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Vol 23 No 5 May/June 2018

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Law, Liberty and the Constitution: A Brief History of the Common Law

ISBN13: 9781783270118
Published: April 2015
Publisher: Boydell & Brewer Ltd
Country of Publication: UK
Format: Hardback
Price: £25.00

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Throughout English history the rule of law and the preservation of liberty have been inseparable, and both are intrinsic to England's constitution.

This accessible and entertaining history traces the growth of the law from its beginnings in Anglo-Saxon times to the present day. It shows how the law evolved from a means of ensuring order and limiting feuds to become a supremely sophisticated dispenser of justice and the primary guardian of civil liberties.

This development owed much to the English kings and their judiciary, who, in the twelfth century, forged a unified system of law - predating that of any other European country - from almost wholly Anglo-Saxon elements. Yet by the seventeenth century this royal offspring - Oedipus Lex it could be called - was capable of regicide. Since then the law has had a somewhat fractious relationship with that institution upon which the regal mantle of supreme power descended, Parliament.

This book tells the story of the common law not merely by describing major developments but by concentrating on prominent personalities and decisive cases relating to the constitution, criminal jurisprudence, and civil liberties. It investigates the great constitutional conflicts, the rise of advocacy, and curious and important cases relating to slavery, insanity, obscenity, cannibalism, the death penalty, and miscarriages of justice.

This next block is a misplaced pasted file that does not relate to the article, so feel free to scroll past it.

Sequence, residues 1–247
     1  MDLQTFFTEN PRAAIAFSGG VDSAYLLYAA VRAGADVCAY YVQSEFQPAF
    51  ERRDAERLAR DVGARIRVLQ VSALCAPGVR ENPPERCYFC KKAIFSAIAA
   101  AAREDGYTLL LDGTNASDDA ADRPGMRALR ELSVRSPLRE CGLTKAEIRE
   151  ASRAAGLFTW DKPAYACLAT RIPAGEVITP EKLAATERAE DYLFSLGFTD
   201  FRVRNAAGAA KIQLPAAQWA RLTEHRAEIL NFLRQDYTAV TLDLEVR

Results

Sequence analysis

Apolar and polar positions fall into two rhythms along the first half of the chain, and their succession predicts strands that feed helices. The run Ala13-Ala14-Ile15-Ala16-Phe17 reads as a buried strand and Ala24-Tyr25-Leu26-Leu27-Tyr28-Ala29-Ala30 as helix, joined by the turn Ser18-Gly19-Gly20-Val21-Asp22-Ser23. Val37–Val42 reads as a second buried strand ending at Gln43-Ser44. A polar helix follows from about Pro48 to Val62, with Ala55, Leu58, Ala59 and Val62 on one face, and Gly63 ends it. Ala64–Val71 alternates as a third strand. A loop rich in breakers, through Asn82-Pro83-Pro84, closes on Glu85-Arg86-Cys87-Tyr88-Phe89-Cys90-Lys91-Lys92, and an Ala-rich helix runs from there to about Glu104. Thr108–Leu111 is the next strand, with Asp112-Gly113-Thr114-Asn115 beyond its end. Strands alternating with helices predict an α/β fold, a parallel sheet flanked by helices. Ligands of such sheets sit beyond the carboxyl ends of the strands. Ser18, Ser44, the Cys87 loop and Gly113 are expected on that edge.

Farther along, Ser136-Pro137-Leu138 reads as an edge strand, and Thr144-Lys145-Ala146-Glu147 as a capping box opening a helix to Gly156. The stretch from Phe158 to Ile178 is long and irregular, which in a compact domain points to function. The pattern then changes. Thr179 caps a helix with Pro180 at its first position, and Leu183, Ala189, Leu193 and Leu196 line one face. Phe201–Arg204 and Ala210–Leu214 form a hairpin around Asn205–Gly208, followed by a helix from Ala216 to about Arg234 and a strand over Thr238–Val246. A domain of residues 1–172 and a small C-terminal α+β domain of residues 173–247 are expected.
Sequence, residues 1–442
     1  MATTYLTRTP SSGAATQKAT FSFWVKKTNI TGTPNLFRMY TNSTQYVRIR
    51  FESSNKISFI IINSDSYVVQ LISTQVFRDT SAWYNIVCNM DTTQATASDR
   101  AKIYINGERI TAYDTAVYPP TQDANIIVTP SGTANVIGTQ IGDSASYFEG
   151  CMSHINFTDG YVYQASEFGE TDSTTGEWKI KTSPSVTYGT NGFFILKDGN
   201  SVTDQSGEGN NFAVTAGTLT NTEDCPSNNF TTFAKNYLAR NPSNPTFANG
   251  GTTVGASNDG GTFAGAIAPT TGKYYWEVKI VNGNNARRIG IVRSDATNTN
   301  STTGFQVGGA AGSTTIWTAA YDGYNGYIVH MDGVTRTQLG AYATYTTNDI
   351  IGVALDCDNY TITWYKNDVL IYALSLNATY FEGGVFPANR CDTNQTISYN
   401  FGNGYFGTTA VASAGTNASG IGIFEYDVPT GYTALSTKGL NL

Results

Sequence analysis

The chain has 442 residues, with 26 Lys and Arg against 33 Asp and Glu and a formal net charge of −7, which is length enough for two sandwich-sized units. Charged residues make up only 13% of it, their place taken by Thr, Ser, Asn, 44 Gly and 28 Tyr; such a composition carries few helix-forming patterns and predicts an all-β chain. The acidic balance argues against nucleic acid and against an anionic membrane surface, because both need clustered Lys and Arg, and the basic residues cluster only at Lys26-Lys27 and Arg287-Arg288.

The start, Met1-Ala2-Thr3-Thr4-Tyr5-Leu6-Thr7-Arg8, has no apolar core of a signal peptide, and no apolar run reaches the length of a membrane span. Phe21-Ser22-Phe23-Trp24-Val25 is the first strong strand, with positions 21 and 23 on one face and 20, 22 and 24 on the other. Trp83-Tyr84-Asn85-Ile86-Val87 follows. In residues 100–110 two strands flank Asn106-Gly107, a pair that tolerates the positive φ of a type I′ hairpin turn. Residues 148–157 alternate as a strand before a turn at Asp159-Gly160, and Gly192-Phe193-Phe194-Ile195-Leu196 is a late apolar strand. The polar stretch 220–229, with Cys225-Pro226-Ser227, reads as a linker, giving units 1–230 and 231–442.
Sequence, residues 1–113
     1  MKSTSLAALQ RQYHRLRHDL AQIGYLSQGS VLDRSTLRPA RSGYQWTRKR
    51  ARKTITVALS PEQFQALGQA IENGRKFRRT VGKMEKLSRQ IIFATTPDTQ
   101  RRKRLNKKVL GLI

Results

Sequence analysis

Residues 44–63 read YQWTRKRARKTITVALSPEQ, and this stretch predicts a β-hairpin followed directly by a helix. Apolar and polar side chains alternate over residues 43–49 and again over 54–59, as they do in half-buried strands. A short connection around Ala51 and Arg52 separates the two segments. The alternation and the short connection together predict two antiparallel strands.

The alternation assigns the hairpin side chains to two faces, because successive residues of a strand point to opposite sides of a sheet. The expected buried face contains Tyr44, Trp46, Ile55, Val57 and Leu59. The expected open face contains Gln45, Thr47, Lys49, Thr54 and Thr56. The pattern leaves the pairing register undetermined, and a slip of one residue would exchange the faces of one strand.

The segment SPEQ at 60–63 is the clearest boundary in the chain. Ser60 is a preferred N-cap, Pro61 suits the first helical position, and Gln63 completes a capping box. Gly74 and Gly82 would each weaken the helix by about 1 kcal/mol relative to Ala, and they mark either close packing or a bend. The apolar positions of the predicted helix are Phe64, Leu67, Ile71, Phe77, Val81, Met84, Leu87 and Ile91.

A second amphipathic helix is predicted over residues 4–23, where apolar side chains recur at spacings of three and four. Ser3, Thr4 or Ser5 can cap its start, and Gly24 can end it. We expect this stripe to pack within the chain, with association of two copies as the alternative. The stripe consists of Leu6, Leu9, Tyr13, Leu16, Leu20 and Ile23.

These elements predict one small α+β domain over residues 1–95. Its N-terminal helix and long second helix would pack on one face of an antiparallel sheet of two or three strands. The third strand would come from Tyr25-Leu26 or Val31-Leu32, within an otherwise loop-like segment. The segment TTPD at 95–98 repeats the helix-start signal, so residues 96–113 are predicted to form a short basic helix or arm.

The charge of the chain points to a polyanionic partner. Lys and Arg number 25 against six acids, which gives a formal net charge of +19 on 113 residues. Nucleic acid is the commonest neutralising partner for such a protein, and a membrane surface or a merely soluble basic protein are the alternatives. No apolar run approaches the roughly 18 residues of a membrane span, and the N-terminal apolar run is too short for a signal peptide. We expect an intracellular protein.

The book concludes by examining the extension of the law into the prosecution of war criminals and protection of universal human rights and the threats posed by over-reaction to national emergencies and terrorism. Devoid of jargon and replete with good stories, Law, Liberty and the Constitution represents a new approach to the telling of legal history and will be of interest to anyone wishing to know more about the common law - the spinal cord of the English body politic.

Harry Potter is a former fellow of Selwyn College, Cambridge and a practising barrister specialising in criminal defence. He has authored books on the death penalty and Scottish history and wrote and presented an award-winning series on the history of the common law for the BBC.

Legal History, General Interest
1. Introduction
2. The Promulgation of the Law in Anglo-Saxon England
3. The Enforcement of the Law in Anglo-Saxon England
4. A Norman Yoke?
5. Henry II and the Creation of the Common Law
6. Becket and Criminous Clergy
7. The Achievement of Henry II
8. Magna Carta
9. From Ordeal to Jury
10. Legal Eagles
11. The King's Conscience, the Lord Chancellor's Foot
12. Star Chamber: Keeping England in Quiet
13. Torture
14. The Writ and Charter of Liberty
15. Rex Lex v Lex Rex: Sir Edward Coke
16. Oedipus Lex: the Trial of Charles I
17. Free-Born John
18. From Restoration to Revolution and Reaction
19. The Purity of England's Air
20. The Menace of the Mob
21. The Fear of the Felon
22. Garrow's Law?
23. The Tongue of Cicero: Thomas Erskine
24. The Drum Major of Liberty: Henry Brougham
25. The Bonfire of the Inanities: Peel, Public Protection and the Police
26. Lunacy and the Law
27. Necessity Knows No Law
28. The Apollo of the Bar: Edward Marshall Hall
29. The 'Martyrdom of Adolf Beck' and the Creation of the Court of Criminal Appeal
30. Liberty Sacrificed to Security
31. Nuremberg and Norman Birkett
32. Wrongs and Rights
33. Deprave and Corrupt: Blasphemy, Obscenity and Oscar Wilde
34. Hanging in the Balance
35. A Murder in Catford
36. The Rule of Law under Threat?
37. Bibliography